Boxelder bugs, huh? I found one in the light fixture in my office. There seem to be a lot more live insects indoors than out during the chilly days we’ve had recently – sounds like you’re experiencing a bit of the same!
Happy new year to you too!
That’s one of the best windowsill bug hauls ever! The fly is a soldier fly (Stratiomyidae) in the genus Ptecticus. You normally see flies in this genus around compost or decaying vegetation/leaf litter.
We do have a compost bucket in the office, so perhaps it was attracted to that? And thanks for the ID. I really appreciate your dipteran expertise!
I’m about to go check out the light fixtures in my bathroom for bugs. Thanks for the great winter project, as I am feeling bug-deprived.
Fun! Hope you find some interesting things!
Here in my house one of the bugs that appears a lot is the
stink bug. One day my cat enters in my bedroom with a lot of saliva
and with his eyes closed. So I went to the balcony to see what he
could have eaten, and there it was, a stink bug, a very green one.
Nice project :) In my house I don’t see a lot of insects on the
windowsill. And the most common are: fly! Kisses
I mostly get flies in my windows at home too, so I was thrilled to find so many things in the window at work! Sorry your cat had a run in with a stink bug too. They’re stinky for just that reason!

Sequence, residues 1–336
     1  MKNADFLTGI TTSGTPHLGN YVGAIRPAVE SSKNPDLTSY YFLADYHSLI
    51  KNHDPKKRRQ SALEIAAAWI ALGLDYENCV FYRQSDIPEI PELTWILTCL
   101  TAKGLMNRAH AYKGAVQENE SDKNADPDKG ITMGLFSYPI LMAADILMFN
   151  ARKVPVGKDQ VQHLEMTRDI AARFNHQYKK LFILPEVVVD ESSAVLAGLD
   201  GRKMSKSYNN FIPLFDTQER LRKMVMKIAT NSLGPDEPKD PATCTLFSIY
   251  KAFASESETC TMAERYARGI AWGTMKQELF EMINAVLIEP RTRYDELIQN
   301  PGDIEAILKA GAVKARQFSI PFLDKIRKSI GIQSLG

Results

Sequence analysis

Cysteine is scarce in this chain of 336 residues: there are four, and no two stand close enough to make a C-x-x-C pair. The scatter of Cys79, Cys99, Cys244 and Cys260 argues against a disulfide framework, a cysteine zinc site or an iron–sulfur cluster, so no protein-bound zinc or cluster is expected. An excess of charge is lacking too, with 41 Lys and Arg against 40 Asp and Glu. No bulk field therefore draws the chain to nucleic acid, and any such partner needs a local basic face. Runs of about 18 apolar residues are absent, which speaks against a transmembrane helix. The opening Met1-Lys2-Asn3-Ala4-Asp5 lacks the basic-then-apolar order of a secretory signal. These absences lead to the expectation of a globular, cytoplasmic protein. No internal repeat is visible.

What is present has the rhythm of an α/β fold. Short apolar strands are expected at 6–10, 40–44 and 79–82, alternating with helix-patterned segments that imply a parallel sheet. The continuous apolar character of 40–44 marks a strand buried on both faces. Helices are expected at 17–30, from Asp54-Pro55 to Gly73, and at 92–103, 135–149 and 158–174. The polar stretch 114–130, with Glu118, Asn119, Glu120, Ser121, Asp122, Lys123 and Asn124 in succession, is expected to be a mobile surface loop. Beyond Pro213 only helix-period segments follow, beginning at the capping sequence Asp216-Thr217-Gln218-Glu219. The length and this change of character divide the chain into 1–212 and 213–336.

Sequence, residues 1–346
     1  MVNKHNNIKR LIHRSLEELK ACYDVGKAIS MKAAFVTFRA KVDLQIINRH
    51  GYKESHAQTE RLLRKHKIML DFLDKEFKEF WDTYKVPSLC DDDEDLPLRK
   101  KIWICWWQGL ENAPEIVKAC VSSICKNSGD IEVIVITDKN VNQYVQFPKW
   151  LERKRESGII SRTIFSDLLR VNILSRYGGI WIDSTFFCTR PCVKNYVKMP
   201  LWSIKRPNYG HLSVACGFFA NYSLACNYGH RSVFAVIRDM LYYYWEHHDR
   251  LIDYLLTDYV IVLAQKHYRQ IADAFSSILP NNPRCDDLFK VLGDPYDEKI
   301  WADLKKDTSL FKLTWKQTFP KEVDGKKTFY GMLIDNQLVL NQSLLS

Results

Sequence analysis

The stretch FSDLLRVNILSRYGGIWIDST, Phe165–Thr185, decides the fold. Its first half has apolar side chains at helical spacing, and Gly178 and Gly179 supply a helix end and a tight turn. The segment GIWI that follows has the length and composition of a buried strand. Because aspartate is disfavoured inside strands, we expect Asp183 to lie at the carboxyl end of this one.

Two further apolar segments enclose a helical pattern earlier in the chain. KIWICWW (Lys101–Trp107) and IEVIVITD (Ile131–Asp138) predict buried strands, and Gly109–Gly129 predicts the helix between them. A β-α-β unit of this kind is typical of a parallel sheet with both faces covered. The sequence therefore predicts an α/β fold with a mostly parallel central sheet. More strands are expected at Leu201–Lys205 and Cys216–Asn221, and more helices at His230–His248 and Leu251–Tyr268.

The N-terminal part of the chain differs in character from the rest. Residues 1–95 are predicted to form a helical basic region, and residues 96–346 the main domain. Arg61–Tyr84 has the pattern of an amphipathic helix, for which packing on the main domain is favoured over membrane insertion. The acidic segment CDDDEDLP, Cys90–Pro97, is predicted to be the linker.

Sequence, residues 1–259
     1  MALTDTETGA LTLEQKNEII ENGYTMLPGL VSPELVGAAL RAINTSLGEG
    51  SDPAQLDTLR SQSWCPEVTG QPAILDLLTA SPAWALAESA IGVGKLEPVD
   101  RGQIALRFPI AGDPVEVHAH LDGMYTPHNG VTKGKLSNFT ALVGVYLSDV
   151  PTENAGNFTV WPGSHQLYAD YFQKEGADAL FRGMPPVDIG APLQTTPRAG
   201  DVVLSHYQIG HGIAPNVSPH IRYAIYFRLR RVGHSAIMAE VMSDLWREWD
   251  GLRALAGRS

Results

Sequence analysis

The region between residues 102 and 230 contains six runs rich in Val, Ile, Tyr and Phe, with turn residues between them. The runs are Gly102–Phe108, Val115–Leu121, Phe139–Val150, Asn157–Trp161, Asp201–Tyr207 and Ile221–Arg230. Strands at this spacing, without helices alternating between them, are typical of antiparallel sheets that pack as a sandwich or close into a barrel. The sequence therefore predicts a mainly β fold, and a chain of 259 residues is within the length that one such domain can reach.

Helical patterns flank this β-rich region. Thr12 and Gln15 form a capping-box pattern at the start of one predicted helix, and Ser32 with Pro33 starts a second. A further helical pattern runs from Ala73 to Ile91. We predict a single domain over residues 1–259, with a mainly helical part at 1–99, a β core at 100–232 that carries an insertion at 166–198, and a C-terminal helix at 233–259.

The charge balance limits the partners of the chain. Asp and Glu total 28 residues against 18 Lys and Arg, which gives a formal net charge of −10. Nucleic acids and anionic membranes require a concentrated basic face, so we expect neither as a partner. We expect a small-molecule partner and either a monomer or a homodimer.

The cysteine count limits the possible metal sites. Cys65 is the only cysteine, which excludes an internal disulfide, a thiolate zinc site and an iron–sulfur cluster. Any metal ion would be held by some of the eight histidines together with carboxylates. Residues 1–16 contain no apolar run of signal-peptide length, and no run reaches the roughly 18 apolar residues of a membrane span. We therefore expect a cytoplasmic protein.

What a fun idea (and I am impressed by your awesome beetle)! All I found in my windowsill was a squashed box elder bug. :-( But I did have the place cleaned before I moved in.
I’ve been seriously considering making a collection of all the insects I find in my condo for year, though, since I got a surprisingly number of interesting critters for my collection last fall out of my old apartment. My cats were very helpful assistant collectors!
Ooh, that’s a great idea! Could be really interesting! The Arthropods in Your Home citizen science project is discovering some fascinating things about the arthropods that live in human dwellings, so I’m sure you can learn a lot if you do it.